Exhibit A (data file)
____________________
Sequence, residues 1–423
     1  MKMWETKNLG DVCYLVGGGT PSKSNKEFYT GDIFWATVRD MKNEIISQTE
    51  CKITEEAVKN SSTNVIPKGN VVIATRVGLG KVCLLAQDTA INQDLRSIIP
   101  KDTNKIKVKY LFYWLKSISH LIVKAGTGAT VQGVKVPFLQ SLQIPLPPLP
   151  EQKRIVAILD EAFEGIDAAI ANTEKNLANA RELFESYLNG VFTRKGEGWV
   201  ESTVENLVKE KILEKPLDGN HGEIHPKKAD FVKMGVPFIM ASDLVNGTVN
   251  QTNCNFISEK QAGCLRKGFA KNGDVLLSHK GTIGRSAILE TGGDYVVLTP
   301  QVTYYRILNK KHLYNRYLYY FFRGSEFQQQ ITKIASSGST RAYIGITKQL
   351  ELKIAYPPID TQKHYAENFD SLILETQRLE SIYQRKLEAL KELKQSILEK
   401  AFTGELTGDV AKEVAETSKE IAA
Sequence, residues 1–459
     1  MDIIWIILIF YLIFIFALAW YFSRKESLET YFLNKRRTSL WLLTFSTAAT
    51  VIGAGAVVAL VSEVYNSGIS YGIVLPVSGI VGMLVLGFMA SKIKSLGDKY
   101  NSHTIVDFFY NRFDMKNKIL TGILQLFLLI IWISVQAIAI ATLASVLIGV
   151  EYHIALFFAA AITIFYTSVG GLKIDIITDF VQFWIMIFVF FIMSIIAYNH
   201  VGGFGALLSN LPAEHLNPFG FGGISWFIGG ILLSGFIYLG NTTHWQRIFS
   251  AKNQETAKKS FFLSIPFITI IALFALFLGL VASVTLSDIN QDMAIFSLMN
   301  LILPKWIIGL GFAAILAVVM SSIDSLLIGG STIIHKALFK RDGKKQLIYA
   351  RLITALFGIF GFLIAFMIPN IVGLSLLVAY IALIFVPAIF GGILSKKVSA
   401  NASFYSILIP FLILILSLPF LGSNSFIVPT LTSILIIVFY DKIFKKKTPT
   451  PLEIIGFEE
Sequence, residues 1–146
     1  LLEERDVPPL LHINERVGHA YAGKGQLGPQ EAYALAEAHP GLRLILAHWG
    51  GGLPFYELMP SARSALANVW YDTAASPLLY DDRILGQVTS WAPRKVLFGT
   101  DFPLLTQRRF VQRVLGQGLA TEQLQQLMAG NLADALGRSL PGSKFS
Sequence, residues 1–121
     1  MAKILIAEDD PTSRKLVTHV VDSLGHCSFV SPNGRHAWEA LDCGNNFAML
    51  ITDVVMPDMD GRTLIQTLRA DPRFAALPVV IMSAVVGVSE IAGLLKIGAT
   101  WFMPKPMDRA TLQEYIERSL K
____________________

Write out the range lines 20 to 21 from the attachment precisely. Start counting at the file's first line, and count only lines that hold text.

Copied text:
   401  NASFYSILIP FLILILSLPF LGSNSFIVPT LTSILIIVFY DKIFKKKTPT
   451  PLEIIGFEE